As illustrated schematically in FIG. 4, the pump discharge line 106 which communicates with the bottom conduit 86 to the cylinder 66 is provided with a cushioning cylinder 148 communicated therewith through a branch line 150. A freely moving piston 152 is disposed in the cylinder 148 and a screw threaded adjustable abutment 154 is screw threaded through the top of the cylinder 148 and provided with a polygonal upper end 156 for receiving a wrench or similar tool. A tube or conduit 158 communicates the top portion of the cylinder 148 with the discharge line 104 from the pump 88 which communicates with the top conduit 84 to the cylinder 66. A needle adjustment valve 160 is provided in the tube 158. Correspondingly, the discharge tube 104 is communicated with the lower end of a cylinder 162 through a branch line 164 with the cylinder having a free piston 166 therein, and an adjustable abutment 168 in the upper end thereof and a tube or conduit 170 communicating with the conduit 106 through an adjustable needle valve 172. Thus, as the reversing valve is positioned so that high pressure fluid is pumped through conduit 106, into conduit 86 and into the bottom of the cylinder 66 for forcing the piston 71 upwardly, a portion of this high pressure fluid will pass through the branch line 150 into the lower end of the cylinder 148, thus causing upward movement of the piston 152. Hydraulic fluid in the cylinder 148 above the piston 152 will be pumped out through the needle valve 160, tube 158 and into the conduit 104 and 84 which raises the pressure in this line and thus reduces the acceleration rate of the piston 71 and piston rod 72 from its lowermost position. As the piston 71 moves upwardly, pressure in the conduit 84 and conduit 104 increases which will, in effect, return or force the cushioning fluid which has entered the bottom of the cylinder 148 back into the line 86, thus accelerating the piston 71 after it has started its movement away from its lowermost position. This, in effect, initially reduces the acceleration of the piston 71 and then, as the piston 71 moves away from its lowest point or bottom dead center, the piston will be accelerated at a greater rate thereby enabling the piston to move initially at a slow accelerating rate and then at a higher accelerating rate as it moves away from bottom dead center. Movement of the piston 71 downwardly from top dead center will be effected in exactly the same manner so that initial acceleration is reduced and after the piston has started on its down stroke, it will be accelerated to a higher rate. This arrangement provides a crossover cushioning arrangement so that acceleration of the piston from a momentarily still position to a predetermined velocity will be at a variable rate with the initial portion of the movement being at a relatively slow acceleration rate and the subsequent movement being at a higher acceleration rate.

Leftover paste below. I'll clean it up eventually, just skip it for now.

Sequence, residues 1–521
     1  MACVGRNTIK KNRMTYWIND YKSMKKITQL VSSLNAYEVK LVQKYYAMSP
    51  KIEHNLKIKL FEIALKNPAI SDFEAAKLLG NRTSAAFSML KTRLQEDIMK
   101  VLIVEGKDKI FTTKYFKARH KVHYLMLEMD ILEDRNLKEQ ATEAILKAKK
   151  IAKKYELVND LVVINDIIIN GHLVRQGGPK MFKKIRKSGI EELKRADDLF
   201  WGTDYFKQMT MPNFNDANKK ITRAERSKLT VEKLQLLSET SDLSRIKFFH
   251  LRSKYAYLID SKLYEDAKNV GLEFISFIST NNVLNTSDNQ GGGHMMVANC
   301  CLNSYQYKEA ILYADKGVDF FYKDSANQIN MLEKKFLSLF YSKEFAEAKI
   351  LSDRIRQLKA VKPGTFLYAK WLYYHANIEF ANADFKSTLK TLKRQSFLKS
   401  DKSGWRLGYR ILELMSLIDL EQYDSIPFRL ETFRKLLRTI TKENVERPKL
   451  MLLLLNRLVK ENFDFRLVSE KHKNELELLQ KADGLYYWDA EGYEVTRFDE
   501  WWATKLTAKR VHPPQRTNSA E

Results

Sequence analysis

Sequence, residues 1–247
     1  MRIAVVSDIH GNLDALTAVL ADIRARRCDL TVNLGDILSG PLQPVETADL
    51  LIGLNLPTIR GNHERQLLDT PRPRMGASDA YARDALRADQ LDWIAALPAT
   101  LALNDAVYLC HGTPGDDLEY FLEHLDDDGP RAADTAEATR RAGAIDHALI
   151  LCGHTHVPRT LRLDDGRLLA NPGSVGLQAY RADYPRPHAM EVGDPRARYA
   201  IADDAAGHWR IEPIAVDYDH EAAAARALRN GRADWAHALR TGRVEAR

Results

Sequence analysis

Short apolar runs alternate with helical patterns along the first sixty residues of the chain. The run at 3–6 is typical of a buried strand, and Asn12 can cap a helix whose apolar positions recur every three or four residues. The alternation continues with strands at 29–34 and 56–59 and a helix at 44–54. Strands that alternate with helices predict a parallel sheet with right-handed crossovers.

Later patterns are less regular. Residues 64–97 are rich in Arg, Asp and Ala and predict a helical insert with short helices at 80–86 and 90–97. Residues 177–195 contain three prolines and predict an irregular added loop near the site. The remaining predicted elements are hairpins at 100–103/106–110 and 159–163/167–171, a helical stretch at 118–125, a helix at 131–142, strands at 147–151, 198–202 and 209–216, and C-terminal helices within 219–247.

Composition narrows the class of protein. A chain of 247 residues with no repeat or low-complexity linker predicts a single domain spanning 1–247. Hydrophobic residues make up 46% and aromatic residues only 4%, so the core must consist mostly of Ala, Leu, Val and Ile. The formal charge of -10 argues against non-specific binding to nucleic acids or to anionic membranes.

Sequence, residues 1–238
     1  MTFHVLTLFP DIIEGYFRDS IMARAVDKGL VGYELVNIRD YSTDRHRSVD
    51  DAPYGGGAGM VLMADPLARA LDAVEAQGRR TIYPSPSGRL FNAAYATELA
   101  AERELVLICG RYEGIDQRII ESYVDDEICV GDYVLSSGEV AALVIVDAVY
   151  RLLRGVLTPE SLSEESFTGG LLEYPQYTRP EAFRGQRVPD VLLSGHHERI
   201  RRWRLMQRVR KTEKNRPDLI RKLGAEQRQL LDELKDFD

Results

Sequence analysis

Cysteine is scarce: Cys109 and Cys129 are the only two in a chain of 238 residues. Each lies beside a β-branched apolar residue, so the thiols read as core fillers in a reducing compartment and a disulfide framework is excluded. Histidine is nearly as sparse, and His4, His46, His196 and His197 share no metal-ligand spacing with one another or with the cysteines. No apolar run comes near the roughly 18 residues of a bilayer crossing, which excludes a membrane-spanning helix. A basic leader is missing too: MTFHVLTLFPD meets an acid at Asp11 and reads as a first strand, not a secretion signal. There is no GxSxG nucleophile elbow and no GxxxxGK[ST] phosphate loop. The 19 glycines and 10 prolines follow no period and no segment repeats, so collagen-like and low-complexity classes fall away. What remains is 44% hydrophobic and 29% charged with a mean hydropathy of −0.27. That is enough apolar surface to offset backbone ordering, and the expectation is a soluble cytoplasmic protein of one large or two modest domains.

The walking beam is provided with counterbalance weights 174 thereon on the opposite side of the pivot axis from the piston and cylinder assembly 54 with the counterbalance weights being removable and replaceable on mounting plates 176 which are secured adjustably in position by clamp bolts 178. The number and weight of the counterbalance weights may be varied depending upon the installation requirements of each pump jack. The upper plate 176 is provided with a transverse rod 180 to which is adjustably connected an operating piston rod 182 having a plurality of notches 184 in the lower edge thereof so that the counterbalance weights 174 can be longitudinally adjusted by expansion and contraction of the piston rod 182 in relation to a cylinder 186 which is pivotally attached to the top clamp plate 82 for the connecting structure between the piston and cylinder assembly 54 and the walking beam 16. Thus, by loosening the bolts 178, the counterbalance weights may be shifted longitudinally of the walking beam and reclamped in desired position. On the other hand, by loosening the bolts 80 while the clamp bolts 178 are secure, the point of attachment between the piston and cylinder assembly 54 and the walking beam 16 may be adjusted. Both of such adjustments may be manually made but with the piston and cylinder assembly 182 and 186 being connected to the hydraulic pump in a conventional manner with suitable control valves, the adjustment of the counterbalance weights and the point of attachment between the piston and cylinder assembly and the walking beam may become power operated. Thus, by varying the number of weights and varying the position of the weights as well as varying the point of connection between the piston and cylinder assembly 54 and the walking beam, the requirements of each installation may be easily complied with in order to provide optimum operating conditions for the pump jack. The reduction in the initial acceleration rate of the piston and cylinder assembly and correspondingly the horsehead, provides reduced forces being imparted to the pump components as well as the components of the pump jack thereby prolonging the expected life of all of the components and reducing operating and maintenance costs.